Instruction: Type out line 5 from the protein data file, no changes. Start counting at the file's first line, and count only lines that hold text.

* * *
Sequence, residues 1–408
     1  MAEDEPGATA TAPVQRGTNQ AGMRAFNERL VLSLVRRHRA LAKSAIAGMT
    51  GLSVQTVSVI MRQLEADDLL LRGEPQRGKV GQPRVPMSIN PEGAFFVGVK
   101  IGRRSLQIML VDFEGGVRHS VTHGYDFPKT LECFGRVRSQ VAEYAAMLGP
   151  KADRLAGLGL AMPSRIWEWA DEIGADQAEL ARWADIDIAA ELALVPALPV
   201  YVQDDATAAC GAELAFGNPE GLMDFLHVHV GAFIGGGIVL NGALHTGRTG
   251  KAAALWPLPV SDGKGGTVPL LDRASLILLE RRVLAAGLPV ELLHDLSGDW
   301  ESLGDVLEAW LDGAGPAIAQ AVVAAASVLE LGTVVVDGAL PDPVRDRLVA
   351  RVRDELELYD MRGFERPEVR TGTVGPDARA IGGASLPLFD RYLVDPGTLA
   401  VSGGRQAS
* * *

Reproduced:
   151  KADRLAGLGL AMPSRIWEWA DEIGADQAEL ARWADIDIAA ELALVPALPV